Sharing and Connecting Stories from a Changing Myanmar with Lauren DeCicca
To see more of her work and travels through Myanmar, follow @deciccaphoto on Instagram.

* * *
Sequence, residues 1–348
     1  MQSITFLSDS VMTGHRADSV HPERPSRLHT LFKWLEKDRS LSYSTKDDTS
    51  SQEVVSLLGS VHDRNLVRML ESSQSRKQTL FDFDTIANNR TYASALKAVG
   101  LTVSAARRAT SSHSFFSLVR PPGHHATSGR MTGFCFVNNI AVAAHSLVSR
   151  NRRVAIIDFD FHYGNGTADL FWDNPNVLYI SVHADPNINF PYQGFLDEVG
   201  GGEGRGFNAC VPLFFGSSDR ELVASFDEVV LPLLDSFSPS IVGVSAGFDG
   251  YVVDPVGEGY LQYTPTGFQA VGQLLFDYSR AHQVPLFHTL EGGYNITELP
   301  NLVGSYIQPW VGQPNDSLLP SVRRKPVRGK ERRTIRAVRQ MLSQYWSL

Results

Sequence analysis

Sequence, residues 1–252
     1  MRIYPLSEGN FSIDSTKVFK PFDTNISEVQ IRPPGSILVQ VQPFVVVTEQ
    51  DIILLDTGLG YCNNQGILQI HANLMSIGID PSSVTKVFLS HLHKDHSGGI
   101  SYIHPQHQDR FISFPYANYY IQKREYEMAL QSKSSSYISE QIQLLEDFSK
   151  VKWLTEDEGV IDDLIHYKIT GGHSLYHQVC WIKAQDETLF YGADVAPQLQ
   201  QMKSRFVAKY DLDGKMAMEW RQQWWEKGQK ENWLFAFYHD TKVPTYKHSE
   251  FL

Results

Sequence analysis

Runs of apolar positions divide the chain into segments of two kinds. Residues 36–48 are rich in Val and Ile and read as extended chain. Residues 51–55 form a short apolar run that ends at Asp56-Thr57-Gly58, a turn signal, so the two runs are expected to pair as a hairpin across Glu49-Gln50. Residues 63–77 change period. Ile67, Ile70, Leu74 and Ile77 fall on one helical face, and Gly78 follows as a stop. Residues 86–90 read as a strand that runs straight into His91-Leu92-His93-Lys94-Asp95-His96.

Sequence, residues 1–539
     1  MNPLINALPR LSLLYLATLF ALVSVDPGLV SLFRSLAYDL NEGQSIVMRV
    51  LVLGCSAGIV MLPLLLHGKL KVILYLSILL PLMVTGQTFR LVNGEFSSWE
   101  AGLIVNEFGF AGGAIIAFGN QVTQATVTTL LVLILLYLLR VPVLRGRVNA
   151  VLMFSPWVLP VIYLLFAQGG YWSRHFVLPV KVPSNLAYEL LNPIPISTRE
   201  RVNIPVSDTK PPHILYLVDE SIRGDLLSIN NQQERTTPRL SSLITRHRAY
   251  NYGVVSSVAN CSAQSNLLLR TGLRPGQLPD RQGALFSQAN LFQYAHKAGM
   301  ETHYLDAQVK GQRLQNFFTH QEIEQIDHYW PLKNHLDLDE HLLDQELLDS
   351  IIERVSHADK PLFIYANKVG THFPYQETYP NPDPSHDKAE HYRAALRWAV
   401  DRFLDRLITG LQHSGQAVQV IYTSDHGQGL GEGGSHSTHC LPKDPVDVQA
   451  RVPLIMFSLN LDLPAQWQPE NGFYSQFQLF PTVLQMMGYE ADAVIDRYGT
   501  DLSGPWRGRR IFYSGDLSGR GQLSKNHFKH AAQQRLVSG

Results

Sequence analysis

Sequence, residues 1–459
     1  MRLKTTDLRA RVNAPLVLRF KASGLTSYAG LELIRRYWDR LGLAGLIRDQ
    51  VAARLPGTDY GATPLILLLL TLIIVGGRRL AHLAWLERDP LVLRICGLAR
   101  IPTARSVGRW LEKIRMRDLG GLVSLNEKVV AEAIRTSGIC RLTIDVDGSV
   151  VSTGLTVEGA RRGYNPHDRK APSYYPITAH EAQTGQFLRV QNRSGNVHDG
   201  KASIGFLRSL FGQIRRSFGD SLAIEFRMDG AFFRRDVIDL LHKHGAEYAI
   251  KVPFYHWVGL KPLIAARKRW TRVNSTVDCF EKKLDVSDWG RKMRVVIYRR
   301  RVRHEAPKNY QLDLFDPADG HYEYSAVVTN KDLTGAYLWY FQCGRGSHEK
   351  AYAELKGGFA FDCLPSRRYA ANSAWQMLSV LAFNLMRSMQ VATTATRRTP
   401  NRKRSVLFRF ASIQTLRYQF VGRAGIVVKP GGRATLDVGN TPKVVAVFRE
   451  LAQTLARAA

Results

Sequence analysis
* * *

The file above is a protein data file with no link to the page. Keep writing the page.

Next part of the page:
Lauren DeCicca (@deciccaphoto) has her #EyesOn the people experiencing Myanmar’s economic transition. The American documentary photographer first arrived to Yangon three years ago: “I moved there two months after the first ATM came to Yangon. The city has changed incredibly. Hotels get built in a matter of months.” While she has sharpened her focus on local humanitarian issues — covering conditions at land mines and the Rohingya ethnic conflict in western Myanmar — Lauren is steadfast in providing a wider context for these stories. “One of the first big projects I worked on was along the length of the Irrawaddy River, where I stopped at places like land mines, dam projects and religious sites and talked to everyone about their daily life and what Myanmar was all about,” she says. “That sparked my interest in a lot of other stories that I’ve continued to cover over the last two years.” Today, Lauren remains deeply touched by one thing that hasn’t changed: the country’s generous hospitality. “You can be walking down the street and people will just tell you to come into their homes, sit you down and tell you their story and ask you questions about the United States.”